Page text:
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Snap analysis - Zawahri seeks to rally embattled al Qaeda
LONDON (Reuters) - Al Qaeda's new chief Ayman al-Zawahri may struggle to rally his embattled militants after the killing of Osama bin Laden on May 2 and the simultaneous capture by U.S. forces of some of the group's innermost secrets.
The Egyptian-born ideologue and plotter is expected to want to launch a big attack to cement his authority over the far-flung network, which staged the Sept 11. 2001 raids and other bombings on Western targets around the world.
In a June 8 eulogy, Zawahri promised to avenge bin Laden, pouring scorn on the U.S. decision to bury his body at sea, a choice he said showed Washington feared bin Laden even in death.
"He went to his Lord as a martyr, he who terrorised America while alive and terrorised it while dead, such that they tremble from having a grave for him, due to what they know of the love of tens of millions for him," he said.
Bin Laden was shot dead on May 2 in a U.S. raid on a house in the Pakistani town of Abbottabad. Computers, electronic data storage devices and mobile phones seized in the raid are now being examined by U.S. intelligence specialists.
But al Qaeda's ability to stage a big assault like September 11 has been diminished by the killing or capture of experienced commanders over the years, and its message of violence has been hurt by civilian-led Arab revolts against authoritarian rule.
And for reasons of personality and background Zawahri could find it hard to emulate the unifying role played by bin Laden, his predecessor and the network's founding figurehead, among the increasingly disparate network.
"AN INTELLECTUAL GIANT, NOT A RALLYING FIGURE"
Zawahri's apparently prickly temperament and Egyptian background could make it hard to mediate between the Egyptians who have dominated the upper reaches of the central al Qaeda group and other militants, including nationals of Arab, Asian, African and European countries as well as of the United States.
Al Qaeda's leadership has struggled with internal disputes at times, and some arguments over strategy and ideology have been marked by strains based on nationality, historians say.
Of particular interest will be Zawahri's relationship to al Qaeda in the Arabian Peninsula, which is based in Yemen, led by a Yemeni and has many Saudis in its ranks. Many are believed to have felt close to bin Laden, who had Yemeni ancestry.
"Not a particularly inspiring figure, and one who lacks bin Laden's cachet, it is no certainty that Zawahri can effectively serve as the 'new logo' of al Qaeda," former CIA operations officer John J. LeBeau told Reuters.
"As well, despite the announced succession, it is entirely possible that elements within al Qaeda are unhappy with this choice and may militate against it, one way or another."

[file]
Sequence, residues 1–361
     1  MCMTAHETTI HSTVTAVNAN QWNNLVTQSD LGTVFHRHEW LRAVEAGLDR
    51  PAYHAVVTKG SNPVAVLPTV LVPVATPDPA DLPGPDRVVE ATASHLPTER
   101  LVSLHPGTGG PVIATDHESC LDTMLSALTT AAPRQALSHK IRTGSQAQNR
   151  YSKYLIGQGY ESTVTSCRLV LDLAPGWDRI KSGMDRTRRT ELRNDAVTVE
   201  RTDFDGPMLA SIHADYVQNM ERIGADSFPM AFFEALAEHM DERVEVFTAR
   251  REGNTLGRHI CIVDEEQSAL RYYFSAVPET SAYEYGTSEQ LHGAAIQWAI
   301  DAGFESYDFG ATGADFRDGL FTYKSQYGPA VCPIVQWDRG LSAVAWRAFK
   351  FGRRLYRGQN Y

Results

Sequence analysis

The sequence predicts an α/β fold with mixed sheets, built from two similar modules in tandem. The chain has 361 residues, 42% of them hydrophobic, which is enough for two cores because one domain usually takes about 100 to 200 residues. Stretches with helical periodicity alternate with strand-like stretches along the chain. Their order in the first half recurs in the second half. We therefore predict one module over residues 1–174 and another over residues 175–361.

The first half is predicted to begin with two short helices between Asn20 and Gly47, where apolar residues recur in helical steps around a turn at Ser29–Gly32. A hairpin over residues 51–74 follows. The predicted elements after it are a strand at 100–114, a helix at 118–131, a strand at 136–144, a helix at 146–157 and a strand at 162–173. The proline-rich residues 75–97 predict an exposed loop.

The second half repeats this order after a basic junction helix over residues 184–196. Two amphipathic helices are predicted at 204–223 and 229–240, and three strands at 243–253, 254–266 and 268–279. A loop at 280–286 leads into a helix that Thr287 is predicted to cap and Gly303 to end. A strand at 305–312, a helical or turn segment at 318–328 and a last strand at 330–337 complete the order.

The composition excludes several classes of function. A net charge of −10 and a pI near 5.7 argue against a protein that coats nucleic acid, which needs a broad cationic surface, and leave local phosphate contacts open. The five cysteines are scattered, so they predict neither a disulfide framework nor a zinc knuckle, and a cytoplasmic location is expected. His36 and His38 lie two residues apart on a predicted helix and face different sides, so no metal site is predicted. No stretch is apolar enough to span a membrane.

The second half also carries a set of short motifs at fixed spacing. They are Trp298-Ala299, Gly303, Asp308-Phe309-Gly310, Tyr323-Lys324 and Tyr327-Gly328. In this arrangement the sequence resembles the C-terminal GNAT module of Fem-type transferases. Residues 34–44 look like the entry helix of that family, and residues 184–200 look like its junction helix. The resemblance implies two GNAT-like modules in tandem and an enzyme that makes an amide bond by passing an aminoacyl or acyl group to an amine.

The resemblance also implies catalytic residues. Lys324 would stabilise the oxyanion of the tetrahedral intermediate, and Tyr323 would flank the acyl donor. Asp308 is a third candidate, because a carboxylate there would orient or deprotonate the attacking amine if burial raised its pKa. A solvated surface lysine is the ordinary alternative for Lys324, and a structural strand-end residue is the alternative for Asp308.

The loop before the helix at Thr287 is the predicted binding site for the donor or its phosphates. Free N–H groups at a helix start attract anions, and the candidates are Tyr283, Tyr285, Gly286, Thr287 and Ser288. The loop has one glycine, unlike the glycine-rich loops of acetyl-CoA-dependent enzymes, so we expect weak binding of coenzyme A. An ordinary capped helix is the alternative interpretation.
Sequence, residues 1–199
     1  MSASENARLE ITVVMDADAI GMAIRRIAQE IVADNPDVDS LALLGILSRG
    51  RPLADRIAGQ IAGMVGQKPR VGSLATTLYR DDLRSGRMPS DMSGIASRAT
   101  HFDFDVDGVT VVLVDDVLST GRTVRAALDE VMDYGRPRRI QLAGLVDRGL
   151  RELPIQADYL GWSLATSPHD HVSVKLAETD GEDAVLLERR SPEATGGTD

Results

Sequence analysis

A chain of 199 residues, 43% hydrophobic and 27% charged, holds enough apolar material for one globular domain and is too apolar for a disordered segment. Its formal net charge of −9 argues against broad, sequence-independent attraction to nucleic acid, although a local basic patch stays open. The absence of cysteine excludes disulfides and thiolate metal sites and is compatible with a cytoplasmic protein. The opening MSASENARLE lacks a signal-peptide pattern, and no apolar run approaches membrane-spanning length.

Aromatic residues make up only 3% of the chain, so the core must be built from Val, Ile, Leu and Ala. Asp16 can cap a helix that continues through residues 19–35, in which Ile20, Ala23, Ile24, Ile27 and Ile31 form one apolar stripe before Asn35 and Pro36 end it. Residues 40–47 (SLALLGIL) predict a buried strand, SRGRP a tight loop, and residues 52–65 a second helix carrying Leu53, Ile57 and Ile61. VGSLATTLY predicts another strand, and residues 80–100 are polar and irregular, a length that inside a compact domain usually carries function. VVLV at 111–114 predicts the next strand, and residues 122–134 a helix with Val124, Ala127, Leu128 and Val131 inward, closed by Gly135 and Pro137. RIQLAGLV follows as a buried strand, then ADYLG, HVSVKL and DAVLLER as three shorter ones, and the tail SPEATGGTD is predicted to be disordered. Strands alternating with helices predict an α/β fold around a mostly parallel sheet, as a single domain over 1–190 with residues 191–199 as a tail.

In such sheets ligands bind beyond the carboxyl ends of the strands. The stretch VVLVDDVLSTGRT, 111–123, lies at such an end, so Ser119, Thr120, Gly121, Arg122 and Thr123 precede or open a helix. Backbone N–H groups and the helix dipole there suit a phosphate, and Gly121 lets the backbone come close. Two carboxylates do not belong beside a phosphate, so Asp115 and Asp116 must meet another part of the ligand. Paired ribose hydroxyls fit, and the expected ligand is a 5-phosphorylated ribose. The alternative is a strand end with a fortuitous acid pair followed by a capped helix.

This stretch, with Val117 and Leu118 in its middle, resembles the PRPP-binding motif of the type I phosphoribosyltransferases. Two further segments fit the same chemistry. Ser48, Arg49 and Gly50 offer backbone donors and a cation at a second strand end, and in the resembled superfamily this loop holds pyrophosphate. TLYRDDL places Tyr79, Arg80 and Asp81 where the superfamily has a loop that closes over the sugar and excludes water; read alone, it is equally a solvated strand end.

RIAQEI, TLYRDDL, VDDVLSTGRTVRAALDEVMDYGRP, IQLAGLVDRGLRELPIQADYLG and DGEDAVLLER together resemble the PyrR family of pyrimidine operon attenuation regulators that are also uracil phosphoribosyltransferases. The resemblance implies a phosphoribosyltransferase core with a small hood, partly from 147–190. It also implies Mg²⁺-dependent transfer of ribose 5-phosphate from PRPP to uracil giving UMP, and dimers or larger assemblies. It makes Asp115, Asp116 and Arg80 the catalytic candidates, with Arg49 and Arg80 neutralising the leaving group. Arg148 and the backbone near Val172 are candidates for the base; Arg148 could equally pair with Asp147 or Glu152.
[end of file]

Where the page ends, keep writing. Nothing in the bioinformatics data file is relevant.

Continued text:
Jeremy Binnie, a terrorism specialist at IHS Jane's in London, said he would be watching the reaction to Zawahri from the network's affiliates, allies and sympathisers.
"Zawahri is supposedly not much liked in the movement, while there has been speculation that his leadership could be undermined because he is not from ... Saudi Arabia."
Zawahri may also be challenged by the task of shoring up alliances between the core al Qaeda group, which is believed to be based mostly in Pakistan, and local Pakistani militant allies in the Asian country's remote northern tribal regions.
These ties are seen as critical to the leadership's ability to remain hidden because the Pakistan groups have the firepower, funds and local contacts to keep their foreign hosts secure.
Fawz Gerges, an al Qaeda expert at the London School of Economics, said no one matched "the stature and charisma of bin Laden, a unifying and beloved figure within the organisation".
"Zawahri is divisive and prickly, an intellectual giant among the remaining figures in al-Qaeda but not a rallying figure. He is no force-multiplier."
Not everyone agrees that Zawahri is unsuited to be leader.
Some analysts are suspending judgement on his suitability for the role until such time as the group's affiliates publish statements of support for him. The wording of those statements may offer clues to his stature in the global movement.
Australian scholar, Leah Farrall, a leading authority on al Qaeda, said Zawahri had been widely respected for his role as the second-in-command "despite his somewhat sharp personality".
"He is certainly viewed as being experienced and this is important. Al Qaeda does not select leaders on whether they are necessarily the most popular, but on how effectively they do their jobs."
Zawahri must also do all he can to ensure security for the group's senior figures, who are believed to be at increased risk of detection and capture as a result of the capture of intelligence at bin Laden's house.
Ideology may also prove a challenge.
In his recent statements, Zawahri has take pains to praise the Arab revolts, going so far as to recall his participation in civilian street protests early in his own life against what he called Western-dominated rule in Egypt.
It is an unorthodox statement for a militant who has long argued that violence was the only answer to Western dominance.
Some analysts say a foretaste of al Qaeda's future plotting may have come in a video posted online on June 2 by several senior al Qaeda figures calling on followers to stage their "individual" acts of violence against the West.
The video, entitled "You are Only Responsible for Yourself", recalled several attacks by so-called homegrown or lone wolf militants based in the West.
(Additional reporting by Mark Hosenball; Editing by Louise Ireland)
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